We should never be afraid...
We should never be afraid to make changes to our setups in order to match the changing track conditions that are so common when racing on dirt. Today, the top teams are not only making changes, but have learned exactly which ones will make the car better as the track surface evolves.
Change, change, everywhere a change... , a message from social protests of the '60s, could have been written in reference to dirt track racing. Throughout an event, most dirt tracks change surface characteristics, some in a dramatic way. Granted, there are some so-called dirt tracks that are always oiled and maintained to the same grip. These are exceptions and won't be addressed here. They are more like asphalt anyway, and a team racing a dirt car on those tracks would do well to set up their cars more closely to an asphalt car setup.
The most difficult tracks are the ones in which the type of dirt or clay needs a lot of moisture in order for the track crew to be able to groom the track. A promoter will often plow up a track during the week preceding the event, water it throughout the morning of the event, and then roll it while still pouring water on it until practice time. From then on, unless it is watered again, the track will begin to dry out and go through several phases of moisture content.
The Hobby Stock setups (A)...
The Hobby Stock setups (A) and the typical Late Model setups (B). For wet and sloppy conditions, usually the first situation we encounter during practice and possibly qualifying...
What makes these various conditions so hard on our setups is that the g-forces are changing along with the declining availability of grip as the track begins to dry out and go slick. As the g-forces change, our setups must change too. The difference is in the grip factor and mostly deals with the level of moisture present in the first inch or two of the surface material. Here is a list of phases of grip that a dirt team might encounter on a typical race day, along with the associated estimated g-forces that the car might experience:
1. Wet, sloppy, and rough: 1.6 to 1.7 g's (peak g's but very difficult for the driver to maintain a good line)
2. Very moist but graded and compacted: 1.5 to 1.6 g's (the best the track will be all day and very fast through the turns).
3. Hardened and more packed as the surface begins to dry out: 1.3 to 1.5 g's (still good corner speed while losing a little grip off the corner).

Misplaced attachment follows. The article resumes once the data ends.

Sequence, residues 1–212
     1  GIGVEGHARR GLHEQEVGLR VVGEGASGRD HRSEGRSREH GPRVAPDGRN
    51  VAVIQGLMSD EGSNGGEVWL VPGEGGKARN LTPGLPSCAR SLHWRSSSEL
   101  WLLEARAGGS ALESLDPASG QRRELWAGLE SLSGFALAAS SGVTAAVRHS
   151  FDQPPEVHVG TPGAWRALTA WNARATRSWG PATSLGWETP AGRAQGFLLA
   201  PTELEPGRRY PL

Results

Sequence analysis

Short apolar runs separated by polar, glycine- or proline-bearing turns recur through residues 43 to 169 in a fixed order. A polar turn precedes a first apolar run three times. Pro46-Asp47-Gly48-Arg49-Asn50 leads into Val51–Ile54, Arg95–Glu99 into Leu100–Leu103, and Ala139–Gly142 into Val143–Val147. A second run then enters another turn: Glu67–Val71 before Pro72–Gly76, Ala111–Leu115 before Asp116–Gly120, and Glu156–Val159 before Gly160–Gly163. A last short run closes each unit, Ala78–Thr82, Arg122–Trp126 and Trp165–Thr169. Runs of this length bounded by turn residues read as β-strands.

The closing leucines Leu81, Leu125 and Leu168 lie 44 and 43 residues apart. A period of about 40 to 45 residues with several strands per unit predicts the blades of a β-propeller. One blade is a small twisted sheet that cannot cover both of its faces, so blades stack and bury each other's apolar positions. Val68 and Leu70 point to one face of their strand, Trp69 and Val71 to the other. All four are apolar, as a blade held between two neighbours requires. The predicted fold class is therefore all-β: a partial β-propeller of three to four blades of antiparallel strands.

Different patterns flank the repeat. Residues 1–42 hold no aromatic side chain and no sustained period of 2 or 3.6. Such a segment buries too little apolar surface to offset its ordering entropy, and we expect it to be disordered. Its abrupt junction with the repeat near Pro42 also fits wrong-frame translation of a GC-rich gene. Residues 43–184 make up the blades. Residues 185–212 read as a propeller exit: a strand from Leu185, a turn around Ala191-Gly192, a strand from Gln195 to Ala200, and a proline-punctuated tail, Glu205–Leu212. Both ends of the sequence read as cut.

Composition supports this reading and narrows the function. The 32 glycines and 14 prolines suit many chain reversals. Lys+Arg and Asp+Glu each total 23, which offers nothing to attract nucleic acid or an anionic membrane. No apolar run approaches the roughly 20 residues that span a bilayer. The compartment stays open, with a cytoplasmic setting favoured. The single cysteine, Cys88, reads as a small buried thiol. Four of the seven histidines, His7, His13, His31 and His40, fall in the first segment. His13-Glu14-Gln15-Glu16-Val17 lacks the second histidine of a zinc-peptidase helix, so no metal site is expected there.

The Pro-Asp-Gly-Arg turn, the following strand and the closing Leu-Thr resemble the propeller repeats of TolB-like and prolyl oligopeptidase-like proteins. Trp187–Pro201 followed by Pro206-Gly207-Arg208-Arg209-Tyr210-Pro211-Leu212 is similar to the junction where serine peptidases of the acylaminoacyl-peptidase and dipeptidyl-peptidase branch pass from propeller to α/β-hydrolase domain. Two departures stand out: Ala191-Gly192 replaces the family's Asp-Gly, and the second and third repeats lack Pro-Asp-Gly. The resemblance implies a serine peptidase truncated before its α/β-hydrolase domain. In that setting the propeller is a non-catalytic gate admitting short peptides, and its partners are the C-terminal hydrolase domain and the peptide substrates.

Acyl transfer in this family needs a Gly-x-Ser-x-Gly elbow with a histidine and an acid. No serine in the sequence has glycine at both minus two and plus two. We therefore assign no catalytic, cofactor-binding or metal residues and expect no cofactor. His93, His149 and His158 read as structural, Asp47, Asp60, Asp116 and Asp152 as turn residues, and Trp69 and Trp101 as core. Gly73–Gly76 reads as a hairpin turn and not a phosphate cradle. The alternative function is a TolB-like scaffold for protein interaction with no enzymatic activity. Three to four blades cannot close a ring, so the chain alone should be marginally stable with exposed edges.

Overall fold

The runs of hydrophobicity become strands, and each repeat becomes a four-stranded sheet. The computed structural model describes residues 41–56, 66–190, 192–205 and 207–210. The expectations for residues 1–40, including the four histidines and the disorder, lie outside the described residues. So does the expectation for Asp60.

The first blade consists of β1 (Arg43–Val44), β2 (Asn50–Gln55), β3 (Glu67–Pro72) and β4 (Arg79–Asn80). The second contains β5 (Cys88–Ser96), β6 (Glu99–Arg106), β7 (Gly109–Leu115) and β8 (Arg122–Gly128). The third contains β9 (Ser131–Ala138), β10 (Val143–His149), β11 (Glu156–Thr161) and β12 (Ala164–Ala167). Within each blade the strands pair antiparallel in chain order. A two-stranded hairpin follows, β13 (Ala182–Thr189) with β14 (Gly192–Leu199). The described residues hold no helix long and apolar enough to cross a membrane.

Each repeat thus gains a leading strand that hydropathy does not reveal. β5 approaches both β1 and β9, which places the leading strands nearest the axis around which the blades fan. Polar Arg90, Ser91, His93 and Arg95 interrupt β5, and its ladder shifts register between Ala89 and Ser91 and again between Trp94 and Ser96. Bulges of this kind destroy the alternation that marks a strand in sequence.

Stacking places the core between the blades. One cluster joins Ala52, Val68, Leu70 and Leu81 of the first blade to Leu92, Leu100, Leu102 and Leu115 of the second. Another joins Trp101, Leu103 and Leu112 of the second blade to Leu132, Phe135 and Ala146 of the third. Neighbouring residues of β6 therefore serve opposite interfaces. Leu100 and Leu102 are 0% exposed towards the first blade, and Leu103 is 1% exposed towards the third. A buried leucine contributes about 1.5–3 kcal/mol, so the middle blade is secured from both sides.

...we need to set up the car...
...we need to set up the car stiffer to withstand the high g-forces as the car gets thrown around in the ruts.
4. Black slick, a condition in which the track still has enough moisture to keep the material packed, but has hardened and is taking rubber: 1.1 to 1.3 g's (becoming difficult entering and turning in the middle of the turns).
5. Dry, a condition in which the top layer is now drying out and losing material in the form of sand: 0.9 to 1.1 g's (loss of grip is now getting substantial, and the car will not turn well or get bite off the corners. Driver touch is most important in maintaining momentum).
6. Dry slick, a condition in which the track has lost considerable moisture and is now very dry and slick with little grip: 0.7 to 0.9 g's (The cars are now very slow in getting into and through the turns, and traction under power is very low. Small gains in mechanical grip can provide substantial gains in lap times).
To maintain zero rear steer...
To maintain zero rear steer through chassis motion, we need to arrange the rear links at certain angles. The swing arm Z-link (A)...
We can see how it is possible to experience a high 1.7 g's all the way down to a very low 0.7 g's in a single day. There is no way a team can run well in all of the conditions while maintaining the same setup. What we need to do is think about how these conditions, one by one, affect a car and then set it up accordingly. We will examine some physical rules that deal with chassis dynamics so we can arrange the setup to meet the conditions.
Let's use two of the most popular types of dirt car-a touring Late Model and a metric-style Hobby Stock car. For each type of car, we will set up for the six conditions listed above. The changes will be realistic and will not involve cutting or welding the chassis. Time is a factor and we want to make positive changes that can be accomplished in a short period of time.
This track condition means the tires are getting a lot of grip and the surface tends to have ruts that grab the car hard. To be able to control the car, we need much stiffer springs and a more balanced setup front to rear. The car's center of gravity (CG) needs to be lower when the grip is high. A low CG number for a dirt car is around 17-18 inches off the ground.
...as well as the four-link...
...as well as the four-link setup (B) are set so that the birdcage ends at the top and bottom will move in opposite directions as the chassis compresses on the right side and rebounds on the left side. This keeps the axle tube in the same position front to rear to provide zero rear steer.
Hobby Stock (HS): We might run a stiffer right-front (RF) spring and a stiffer right-rear (RR) spring. A typical spring layout would be: left-front (LF) = 800; RF = 900 (or a 750 with a full spring rubber, if spring changes are not allowed); left-rear (LR) = 200; RR = 225 (or a 175 with two full spring rubbers). The rear ride height would be set as low as possible, as this would raise the rear moment center and lower the CG to reduce the rear roll angle versus the front roll angle to help balance the setup. Any moveable weight would be mounted low and left in the car. If you have a choice, run tires with large grooves such as the all-terrain types for mud and snow. Run a higher pressure in all of the tires.
Late Model (LM): A similar situation would apply to the LM car. For now, use a stiffer (RR) spring with a high Panhard bar mounted on the right side for consistency. Keep the weight low and to the left, and use tires with wide grooving to release the wet mud easily. Keep the air pressure high.
The Late Model setup is very...